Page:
Her Last Death by Susanna Sonnenberg



Her Last Death by Susanna Sonnenberg (2008) was a difficult read for me because of (1) the nature of the "memoir" (see Author's Note below) and (2) the fact that I could have written something that, while different in the specific details, is essentially the same in spirit about my own father. And why would I want to do that? What could I hope to gain?

Here's the Author's Note (aka Disclaimer):

This is a work of memoir and subject to the imperfections of memory. I have been faithful to what I remember, and people in my family may remember shared experiences differently. In the interests of narrative, I have conflated or changed some events and dialogue, and created occasional composites. I have changed some identifying characteristics and have reconstructed some conversations and early experiences based on family lore. I have changed all names but my own to emphasize that this story could only be mine.

If you're going to make "composites" and "conflate," why not just write a work of fiction? This leaves me not knowing what I can trust as close to fact, while knowing that every memory and experience is colored by perception and perspective, and what is complete fabrication. Frustrating.

As for Sonnenberg's representation of her mother, I'm still struggling with thinking through her motivation for writing this painful book. Even with the best of intentions, parenting is difficult and comes with a lot of mistakes. When you have a parent who is self-absorbed, addicted, self-destructive, and, frankly, would have been happier without children, the end results aren't pleasant for the children involved. Sonnenberg and I know that first-hand, and I can say that, in my case, a lot of my father's dysfunction came from his childhood and his own mother. And so the line goes back.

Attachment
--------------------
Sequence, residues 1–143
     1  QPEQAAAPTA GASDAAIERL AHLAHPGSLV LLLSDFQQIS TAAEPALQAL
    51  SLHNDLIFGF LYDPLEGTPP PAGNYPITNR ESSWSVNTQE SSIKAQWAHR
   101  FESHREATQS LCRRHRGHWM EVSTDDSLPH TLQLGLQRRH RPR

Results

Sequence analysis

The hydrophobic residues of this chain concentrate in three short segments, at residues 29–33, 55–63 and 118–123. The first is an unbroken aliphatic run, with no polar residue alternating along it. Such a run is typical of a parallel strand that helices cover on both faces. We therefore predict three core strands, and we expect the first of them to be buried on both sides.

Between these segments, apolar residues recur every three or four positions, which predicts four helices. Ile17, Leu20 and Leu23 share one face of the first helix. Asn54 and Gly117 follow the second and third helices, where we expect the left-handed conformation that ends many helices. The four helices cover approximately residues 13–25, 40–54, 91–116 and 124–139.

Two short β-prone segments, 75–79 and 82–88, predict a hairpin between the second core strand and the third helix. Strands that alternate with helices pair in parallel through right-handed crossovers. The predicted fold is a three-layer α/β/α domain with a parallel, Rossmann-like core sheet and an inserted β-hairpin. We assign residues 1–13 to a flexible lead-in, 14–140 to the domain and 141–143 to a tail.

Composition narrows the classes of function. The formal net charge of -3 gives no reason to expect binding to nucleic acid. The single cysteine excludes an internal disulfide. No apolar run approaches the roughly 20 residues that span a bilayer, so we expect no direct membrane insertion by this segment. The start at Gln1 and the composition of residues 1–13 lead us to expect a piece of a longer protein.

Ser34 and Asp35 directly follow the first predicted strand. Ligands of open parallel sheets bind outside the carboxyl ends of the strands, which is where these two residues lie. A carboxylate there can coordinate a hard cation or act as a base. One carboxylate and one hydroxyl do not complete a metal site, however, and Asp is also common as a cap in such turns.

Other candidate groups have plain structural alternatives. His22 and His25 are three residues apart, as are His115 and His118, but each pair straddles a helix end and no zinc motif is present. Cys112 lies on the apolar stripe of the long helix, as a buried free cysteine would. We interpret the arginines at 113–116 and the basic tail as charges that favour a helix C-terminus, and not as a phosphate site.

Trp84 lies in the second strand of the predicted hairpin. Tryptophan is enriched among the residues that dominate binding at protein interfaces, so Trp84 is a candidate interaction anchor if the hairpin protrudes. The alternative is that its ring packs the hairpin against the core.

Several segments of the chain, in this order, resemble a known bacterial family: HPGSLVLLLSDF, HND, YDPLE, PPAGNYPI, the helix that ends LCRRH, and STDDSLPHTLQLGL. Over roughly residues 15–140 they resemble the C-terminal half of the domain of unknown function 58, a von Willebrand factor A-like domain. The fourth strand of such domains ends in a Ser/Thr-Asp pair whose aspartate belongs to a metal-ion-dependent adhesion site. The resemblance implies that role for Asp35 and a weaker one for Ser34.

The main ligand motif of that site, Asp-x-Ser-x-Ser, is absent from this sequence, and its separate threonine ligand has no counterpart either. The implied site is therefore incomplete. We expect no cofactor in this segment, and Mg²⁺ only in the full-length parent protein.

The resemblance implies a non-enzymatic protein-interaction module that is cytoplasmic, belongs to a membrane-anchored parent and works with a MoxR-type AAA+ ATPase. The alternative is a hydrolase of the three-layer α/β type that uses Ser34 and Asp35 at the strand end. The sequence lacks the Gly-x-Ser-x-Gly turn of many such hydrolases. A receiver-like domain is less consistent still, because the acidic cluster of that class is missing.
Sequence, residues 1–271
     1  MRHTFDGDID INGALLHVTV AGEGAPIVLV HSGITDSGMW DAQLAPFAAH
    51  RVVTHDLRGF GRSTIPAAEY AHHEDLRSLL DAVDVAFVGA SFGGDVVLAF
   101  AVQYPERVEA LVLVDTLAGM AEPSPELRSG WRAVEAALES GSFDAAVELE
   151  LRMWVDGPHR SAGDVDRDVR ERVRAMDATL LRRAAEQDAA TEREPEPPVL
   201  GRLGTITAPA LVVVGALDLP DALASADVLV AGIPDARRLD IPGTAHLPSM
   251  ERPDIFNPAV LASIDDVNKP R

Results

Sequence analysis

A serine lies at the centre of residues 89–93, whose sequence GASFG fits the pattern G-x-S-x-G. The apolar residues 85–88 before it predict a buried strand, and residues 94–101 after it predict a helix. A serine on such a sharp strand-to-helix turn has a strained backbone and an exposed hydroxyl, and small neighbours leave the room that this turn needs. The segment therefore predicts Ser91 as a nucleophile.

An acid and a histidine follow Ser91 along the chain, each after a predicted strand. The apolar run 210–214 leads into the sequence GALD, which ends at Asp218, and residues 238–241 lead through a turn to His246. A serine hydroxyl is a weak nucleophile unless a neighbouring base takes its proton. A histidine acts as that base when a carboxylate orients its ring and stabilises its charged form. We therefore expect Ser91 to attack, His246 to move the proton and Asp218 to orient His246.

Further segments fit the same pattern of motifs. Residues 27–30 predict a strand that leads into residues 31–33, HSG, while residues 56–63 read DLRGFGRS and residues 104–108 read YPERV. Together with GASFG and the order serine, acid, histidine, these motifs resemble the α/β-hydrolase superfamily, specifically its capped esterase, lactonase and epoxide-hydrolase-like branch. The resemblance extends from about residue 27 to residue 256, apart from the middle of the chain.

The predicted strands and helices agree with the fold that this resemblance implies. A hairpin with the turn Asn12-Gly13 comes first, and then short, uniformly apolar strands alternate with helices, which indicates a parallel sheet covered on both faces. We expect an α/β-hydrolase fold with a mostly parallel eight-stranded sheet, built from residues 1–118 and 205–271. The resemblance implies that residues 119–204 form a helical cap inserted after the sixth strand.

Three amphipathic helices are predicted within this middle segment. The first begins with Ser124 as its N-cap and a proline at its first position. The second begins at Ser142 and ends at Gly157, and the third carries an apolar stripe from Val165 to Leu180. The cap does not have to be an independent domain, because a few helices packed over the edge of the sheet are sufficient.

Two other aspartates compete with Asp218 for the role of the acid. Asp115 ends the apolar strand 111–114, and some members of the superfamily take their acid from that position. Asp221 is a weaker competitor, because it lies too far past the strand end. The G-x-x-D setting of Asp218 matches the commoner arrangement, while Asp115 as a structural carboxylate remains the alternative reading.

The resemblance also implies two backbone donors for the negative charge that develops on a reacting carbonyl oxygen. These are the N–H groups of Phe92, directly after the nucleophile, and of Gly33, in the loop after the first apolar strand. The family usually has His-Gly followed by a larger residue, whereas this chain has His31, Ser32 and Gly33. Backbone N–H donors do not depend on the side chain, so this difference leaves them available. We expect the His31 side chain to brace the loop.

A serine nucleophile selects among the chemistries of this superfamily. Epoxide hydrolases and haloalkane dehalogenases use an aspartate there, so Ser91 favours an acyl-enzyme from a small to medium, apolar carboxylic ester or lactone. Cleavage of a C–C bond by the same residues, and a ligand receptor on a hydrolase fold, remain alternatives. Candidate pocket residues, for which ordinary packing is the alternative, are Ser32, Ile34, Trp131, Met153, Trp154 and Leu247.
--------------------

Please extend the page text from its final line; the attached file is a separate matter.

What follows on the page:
Based on the portrayal in the book, I see a lot of Sonnenberg's mother in her own choices in her teenage years and twenties, when she was sexually aggressive, choosing inappropriate targets, and, ultimately, very self-destructive. Like anyone in recovery, I wonder how strong her hold is on her husband and her children, her seemingly normal life in the present day. Does she affirm her commitment to this functional life every day, and does she see how easily she could have become the person she shows in her mother?

I can't shake the feeling that, if one of Sonnenberg's own sons writes a "memoir" revolving a great deal around her in thirty or forty years, she will likely be very surprised by the content. Yes, she struggles daily to be a different kind of parent, a better parent, yet perfection isn't possible. And she can't see herself as a mother the way her sons see her as their mother. I empathize with her just enough to hope she doesn't live through the experience of having one or both of them write a book like this one.

Insert usual note that this is a frequent book club selection, a New York Times bestseller, etc.

My overall personal rating of Her Last Death is a C.

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